The culminating work of Rainer Werner Fassbinder’s foreshortened career,
Berlin Alexanderplatz had its premiere on West German TV in 1980; it opened here theatrically in 1983, a year after the filmmaker’s death. Adapted from the 1929 novel by Alfred Döblin (itself the culminating literary expression of Weimar Germany), this 14-part miniseries follows the good-natured, if violent, ex-murderer Franz Biberkopf through the dark carnival of Berlin’s lower depths. Walter Benjamin praised the book as the “final phase of the old bourgeois psychological novel.” Fassbinder took it more personally. The miniseries is fueled and consumed by the 33-year-old filmmaker’s identification with the material—he wrote an original epilogue projecting Biberkopf into a phantasmagoric post-Weimar future complete with Janis Joplin. MOMA, April 10–15.
Also: Who knew it was the taxi’s centennial? As a former cabbie, I gotta love the idea of IFC’s seven-film mini-fest (weekends throughout April), Fares to Remember. The opening bill juxtaposes Harold Lloyd’s cheerful hack in Speedy with Taxi Driver‘s Travis Bickle. Also worth hailing, the 1932 Taxi! with James Cagney talkin’ Yiddish, the screwball comedy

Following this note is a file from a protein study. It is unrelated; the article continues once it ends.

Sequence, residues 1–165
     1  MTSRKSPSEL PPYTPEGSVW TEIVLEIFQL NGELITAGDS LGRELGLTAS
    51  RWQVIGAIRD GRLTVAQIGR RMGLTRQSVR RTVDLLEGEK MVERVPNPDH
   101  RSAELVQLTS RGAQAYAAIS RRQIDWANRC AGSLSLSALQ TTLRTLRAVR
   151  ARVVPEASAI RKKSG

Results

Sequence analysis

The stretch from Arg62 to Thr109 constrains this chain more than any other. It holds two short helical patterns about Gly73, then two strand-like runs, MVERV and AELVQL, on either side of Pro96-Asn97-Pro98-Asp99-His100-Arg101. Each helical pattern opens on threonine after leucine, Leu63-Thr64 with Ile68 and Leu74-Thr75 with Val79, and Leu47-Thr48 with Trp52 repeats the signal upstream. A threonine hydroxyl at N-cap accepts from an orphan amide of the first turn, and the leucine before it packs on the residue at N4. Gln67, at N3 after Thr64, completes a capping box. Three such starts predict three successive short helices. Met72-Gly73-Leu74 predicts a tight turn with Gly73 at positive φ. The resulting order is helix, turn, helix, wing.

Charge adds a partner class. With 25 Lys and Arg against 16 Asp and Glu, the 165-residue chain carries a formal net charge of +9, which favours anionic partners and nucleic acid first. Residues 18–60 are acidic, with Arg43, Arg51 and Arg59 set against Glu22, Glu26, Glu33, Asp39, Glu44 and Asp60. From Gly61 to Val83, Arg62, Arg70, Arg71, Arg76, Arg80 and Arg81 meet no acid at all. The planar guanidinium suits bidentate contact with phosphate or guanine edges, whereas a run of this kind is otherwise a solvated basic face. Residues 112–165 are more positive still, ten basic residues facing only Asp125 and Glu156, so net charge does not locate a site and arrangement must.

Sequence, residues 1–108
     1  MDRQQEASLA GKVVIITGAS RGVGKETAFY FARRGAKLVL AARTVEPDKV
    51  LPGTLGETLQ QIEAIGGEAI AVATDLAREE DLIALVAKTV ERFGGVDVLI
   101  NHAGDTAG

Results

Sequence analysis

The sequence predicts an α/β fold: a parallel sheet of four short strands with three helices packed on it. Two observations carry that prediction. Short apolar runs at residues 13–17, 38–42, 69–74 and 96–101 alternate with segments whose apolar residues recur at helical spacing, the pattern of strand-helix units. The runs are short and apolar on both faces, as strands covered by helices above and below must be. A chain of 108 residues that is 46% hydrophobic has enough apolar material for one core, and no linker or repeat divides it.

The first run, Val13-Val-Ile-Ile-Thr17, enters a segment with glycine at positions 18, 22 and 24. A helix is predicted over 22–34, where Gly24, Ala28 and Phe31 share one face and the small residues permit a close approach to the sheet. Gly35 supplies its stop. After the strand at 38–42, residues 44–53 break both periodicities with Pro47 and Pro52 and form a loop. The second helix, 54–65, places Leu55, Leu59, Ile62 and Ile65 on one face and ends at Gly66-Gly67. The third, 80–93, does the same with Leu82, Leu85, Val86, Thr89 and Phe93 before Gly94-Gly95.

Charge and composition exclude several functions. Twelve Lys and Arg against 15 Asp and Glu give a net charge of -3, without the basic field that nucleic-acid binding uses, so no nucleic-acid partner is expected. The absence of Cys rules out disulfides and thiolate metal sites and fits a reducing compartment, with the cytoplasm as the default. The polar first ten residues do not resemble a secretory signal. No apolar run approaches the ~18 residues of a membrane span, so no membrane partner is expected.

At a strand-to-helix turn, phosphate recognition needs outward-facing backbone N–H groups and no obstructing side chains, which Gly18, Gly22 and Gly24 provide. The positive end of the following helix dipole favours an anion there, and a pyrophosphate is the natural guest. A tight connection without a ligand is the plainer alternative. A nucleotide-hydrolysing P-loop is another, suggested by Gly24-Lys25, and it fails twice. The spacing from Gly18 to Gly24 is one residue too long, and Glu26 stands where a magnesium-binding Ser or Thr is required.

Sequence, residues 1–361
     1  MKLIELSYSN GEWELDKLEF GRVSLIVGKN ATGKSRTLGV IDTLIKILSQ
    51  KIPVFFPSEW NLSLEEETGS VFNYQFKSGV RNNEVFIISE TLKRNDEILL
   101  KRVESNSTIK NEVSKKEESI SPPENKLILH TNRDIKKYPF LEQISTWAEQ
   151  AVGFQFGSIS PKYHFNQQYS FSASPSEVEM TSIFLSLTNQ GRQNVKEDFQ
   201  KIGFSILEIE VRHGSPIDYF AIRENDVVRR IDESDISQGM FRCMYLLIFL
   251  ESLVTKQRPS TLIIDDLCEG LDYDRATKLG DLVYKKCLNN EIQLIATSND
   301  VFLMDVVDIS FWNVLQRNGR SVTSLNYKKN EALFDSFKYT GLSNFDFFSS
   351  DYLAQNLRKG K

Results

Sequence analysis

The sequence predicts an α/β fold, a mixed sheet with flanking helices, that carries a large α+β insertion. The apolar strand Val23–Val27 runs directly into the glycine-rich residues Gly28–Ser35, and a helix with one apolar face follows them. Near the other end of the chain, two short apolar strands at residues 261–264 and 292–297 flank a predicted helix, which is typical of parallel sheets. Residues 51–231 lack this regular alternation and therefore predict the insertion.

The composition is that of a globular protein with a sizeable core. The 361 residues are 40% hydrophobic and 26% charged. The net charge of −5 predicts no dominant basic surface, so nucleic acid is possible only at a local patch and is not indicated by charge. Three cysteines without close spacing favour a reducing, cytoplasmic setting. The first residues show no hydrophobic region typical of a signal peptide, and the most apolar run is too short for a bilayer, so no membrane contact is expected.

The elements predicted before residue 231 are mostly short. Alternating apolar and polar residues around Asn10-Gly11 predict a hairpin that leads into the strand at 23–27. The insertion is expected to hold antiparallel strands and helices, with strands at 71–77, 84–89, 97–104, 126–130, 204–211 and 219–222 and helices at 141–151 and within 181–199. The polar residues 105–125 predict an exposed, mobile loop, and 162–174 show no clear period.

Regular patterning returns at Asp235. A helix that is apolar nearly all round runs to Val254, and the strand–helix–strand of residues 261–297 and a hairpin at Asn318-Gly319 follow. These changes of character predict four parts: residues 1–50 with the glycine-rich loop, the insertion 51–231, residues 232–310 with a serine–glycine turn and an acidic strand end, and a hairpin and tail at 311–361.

Midnight, Mona Lisa (story of a chauffeur, actually), and Jim Jarmusch’s cosmic Night on Earth.
BAM’s Best of 2006 includes Manoel de Oliveira’s Belle Toujours and Nuri Bilge Ceylan’s Climates—as well as things harder to see, like the 2006 Cannes walkout champ, Pedro Costa’s epic contemplation of Lisbon immigrants Colossal Youth. Among the premieres: Richard Wong’s Colma: The Musical (2006), billed as the first Asian-American musical since Flower Drum Song. April 4–24.